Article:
Today is Holy Thursday (or Maundy Thursday, as some refer to it). This evening, wherever they may be, Catholics (and many other Christians) all around the world will celebrate the Evening Mass of the Lord’s Supper. They will commemorate the final meal Jesus enjoyed with his disciples before his death, the meal during which he instituted the Eucharist.
Every time we go to Mass, we hear (during the Eucharistic Prayer) a variation on the words we will hear in the second reading this evening from St. Paul’s first letter to the Corinthians – that “the Lord Jesus, on the night he was handed over, took bread, and, after he had given thanks, broke it and said, ‘This is my body that is for you. Do this in remembrance of me.’ In the same way also the cup, after supper, saying, ‘This cup is the new covenant in my blood. Do this, as often as you drink it, in remembrance of me.’”
This is my body. This is my blood. Do we hear the words with that emphasis? Do we realize what the saying of them in our Mass each week really means?
In Seven Story Mountain, Thomas Merton records an experience he had once at a Mass in Havana during the moment of Consecration. (It is his description of this experience that inspired the title of this blog.) Merton describes how, immediately after the priest raised the Host and the chalice during the consecration, a group of young schoolchildren seated at the front of the church stood and shouted out the opening words of the Creed, “Creo en Dios.” Merton writes that at that moment,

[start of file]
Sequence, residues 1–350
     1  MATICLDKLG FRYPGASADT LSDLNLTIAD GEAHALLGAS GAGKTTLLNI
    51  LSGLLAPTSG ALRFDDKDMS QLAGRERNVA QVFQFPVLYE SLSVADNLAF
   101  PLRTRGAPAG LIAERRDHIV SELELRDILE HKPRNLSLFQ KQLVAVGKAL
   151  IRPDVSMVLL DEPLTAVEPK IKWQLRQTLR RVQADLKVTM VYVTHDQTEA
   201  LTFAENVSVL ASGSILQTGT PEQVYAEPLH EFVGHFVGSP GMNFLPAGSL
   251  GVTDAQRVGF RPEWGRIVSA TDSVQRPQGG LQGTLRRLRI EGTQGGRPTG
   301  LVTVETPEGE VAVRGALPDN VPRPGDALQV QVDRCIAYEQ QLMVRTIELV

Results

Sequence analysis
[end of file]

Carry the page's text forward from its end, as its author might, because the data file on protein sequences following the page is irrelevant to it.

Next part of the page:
as sudden as the shout and as definite, and a thousand times more bright, there formed in my mind an awareness, an understanding, a realization of what had just taken place on the altar, at the Consecration: a realization of God made present in the words of Consecration in a way that made Him belong to me….It was as if I had been suddenly illuminated by being blinded by the manifestation of God’s presence….[This awareness] ignored all sense experience in order to strike directly at the heart of truth, as if a sudden and immediate contact had been established between my intellect and the Truth Who was now physically really and substantially before me on the altar….And the first articulate thought that came to my mind was: “Heaven is right here in front of me.”
This is my body. This is my blood. We hear the words so often, it is easy to miss their enormity. The physically real and substantial actual presence of Christ each time we fulfill the command Jesus gave his disciples at the Last Supper to “Do this in remembrance of me.”